Yet another study shows that a large fraction of retired professional football players have sign of traumatic brain injury. Most previous studies had relied on diagnoses that could only be made postmortem, but this one use an MRI technique called diffusion tensor imaging. Other studies (the postmortem type) appear to show that any level of participation, high school, college or professional produces brain injury.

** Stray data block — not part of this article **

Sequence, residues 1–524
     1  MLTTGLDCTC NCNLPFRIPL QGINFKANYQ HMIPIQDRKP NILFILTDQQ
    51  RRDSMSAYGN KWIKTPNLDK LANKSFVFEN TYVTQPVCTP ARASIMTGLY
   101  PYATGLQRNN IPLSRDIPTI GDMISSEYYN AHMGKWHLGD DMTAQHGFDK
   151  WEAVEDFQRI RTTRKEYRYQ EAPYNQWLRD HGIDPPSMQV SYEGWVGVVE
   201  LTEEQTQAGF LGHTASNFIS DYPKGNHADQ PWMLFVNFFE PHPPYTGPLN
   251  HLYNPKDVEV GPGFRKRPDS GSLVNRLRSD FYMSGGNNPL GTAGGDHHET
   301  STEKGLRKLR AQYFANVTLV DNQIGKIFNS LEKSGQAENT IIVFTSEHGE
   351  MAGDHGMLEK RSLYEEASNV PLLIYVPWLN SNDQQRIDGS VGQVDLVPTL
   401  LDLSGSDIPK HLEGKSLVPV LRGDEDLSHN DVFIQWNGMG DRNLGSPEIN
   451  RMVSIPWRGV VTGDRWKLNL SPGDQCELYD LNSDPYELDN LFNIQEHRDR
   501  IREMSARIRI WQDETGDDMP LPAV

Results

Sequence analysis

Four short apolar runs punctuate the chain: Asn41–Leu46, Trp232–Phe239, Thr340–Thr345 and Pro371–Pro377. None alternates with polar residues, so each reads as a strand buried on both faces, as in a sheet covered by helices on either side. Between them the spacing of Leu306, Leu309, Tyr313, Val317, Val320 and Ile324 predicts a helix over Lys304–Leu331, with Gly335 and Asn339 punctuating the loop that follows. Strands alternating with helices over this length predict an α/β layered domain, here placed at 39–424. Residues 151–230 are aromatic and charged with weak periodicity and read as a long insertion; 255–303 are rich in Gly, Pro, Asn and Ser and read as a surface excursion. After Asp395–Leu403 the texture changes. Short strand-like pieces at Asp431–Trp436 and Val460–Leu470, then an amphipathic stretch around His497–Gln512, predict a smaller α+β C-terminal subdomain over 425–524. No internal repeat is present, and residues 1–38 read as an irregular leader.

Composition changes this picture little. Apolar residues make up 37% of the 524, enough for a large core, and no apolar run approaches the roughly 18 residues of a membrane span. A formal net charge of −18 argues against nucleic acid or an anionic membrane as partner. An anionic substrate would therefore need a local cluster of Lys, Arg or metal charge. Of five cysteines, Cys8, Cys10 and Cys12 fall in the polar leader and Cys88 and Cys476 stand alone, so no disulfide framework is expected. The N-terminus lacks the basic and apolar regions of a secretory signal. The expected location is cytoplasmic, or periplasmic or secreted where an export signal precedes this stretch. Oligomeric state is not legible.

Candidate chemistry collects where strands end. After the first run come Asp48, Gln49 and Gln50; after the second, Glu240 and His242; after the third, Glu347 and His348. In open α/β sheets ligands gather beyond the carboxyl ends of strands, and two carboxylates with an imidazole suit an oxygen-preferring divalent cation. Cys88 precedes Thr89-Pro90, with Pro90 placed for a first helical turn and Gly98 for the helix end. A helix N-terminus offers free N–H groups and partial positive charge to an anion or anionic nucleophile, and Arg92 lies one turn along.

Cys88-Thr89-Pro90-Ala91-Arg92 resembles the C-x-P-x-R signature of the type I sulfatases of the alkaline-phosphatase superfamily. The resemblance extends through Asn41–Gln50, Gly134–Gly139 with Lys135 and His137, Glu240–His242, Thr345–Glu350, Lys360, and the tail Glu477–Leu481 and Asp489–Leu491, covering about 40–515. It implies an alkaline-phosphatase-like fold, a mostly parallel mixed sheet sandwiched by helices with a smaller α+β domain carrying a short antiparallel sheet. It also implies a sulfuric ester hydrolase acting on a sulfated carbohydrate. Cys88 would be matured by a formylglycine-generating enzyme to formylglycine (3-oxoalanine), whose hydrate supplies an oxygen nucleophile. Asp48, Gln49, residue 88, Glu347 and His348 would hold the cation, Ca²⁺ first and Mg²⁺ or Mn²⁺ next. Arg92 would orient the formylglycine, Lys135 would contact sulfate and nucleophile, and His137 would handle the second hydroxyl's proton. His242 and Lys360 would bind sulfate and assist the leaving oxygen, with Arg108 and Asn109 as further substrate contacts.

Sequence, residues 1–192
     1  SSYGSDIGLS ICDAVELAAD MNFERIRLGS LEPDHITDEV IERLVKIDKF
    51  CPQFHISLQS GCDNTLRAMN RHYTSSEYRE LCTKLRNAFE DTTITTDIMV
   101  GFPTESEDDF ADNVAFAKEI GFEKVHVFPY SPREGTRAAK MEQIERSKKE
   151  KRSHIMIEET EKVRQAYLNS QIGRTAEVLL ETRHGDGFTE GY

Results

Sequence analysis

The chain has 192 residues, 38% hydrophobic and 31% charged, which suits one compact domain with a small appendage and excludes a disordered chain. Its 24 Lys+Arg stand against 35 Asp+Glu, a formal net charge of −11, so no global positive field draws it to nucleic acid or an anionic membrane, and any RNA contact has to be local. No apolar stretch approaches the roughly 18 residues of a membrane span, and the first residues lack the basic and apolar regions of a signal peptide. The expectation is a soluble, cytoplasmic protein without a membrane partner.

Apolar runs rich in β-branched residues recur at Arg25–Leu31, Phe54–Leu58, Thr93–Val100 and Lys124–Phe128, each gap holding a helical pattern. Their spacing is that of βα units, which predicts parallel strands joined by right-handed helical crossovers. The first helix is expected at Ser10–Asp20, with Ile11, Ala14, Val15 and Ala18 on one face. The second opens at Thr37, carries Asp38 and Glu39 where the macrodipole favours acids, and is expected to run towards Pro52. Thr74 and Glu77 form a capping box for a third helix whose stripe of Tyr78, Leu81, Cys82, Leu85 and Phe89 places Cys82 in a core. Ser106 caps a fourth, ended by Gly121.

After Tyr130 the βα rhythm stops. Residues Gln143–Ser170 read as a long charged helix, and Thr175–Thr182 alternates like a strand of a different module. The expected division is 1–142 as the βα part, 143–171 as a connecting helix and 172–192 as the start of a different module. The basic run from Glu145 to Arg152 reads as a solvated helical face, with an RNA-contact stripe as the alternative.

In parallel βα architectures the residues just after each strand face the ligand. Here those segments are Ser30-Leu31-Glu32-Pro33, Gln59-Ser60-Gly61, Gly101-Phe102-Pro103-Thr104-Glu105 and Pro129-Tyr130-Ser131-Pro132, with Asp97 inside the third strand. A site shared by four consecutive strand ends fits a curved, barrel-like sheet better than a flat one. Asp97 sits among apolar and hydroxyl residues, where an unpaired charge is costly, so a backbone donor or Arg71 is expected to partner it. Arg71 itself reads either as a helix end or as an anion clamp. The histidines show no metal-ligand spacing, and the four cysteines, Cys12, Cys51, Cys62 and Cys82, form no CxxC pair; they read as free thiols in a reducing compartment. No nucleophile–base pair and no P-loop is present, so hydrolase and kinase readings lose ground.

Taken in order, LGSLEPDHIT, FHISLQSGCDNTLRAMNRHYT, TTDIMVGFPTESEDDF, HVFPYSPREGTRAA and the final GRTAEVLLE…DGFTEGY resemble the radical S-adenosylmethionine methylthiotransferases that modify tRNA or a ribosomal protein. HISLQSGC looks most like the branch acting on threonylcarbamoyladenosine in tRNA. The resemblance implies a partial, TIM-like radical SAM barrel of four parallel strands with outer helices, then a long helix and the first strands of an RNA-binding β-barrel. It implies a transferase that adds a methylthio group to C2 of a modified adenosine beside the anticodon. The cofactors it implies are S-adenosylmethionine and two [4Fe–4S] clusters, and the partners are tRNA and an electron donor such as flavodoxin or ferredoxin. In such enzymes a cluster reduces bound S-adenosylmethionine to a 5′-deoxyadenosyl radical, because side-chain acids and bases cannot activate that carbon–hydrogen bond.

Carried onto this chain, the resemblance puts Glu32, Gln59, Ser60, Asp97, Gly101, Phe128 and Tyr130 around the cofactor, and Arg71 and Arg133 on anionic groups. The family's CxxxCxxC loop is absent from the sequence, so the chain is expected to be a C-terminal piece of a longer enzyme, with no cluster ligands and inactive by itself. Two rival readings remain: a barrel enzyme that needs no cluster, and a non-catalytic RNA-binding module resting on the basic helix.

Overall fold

These results apply to American Football, but other studies show significant risks from rugby and soccer. In soccer, the principle risk appears to be related to heading the ball, which tends to produce not only hard collisions with the ball but also with other player's heads and elbows.
Children, at least, should probably never head the ball. This kind of rule is unlikely to compromise their development as players much, since head skills are relatively simple compared to foot skills.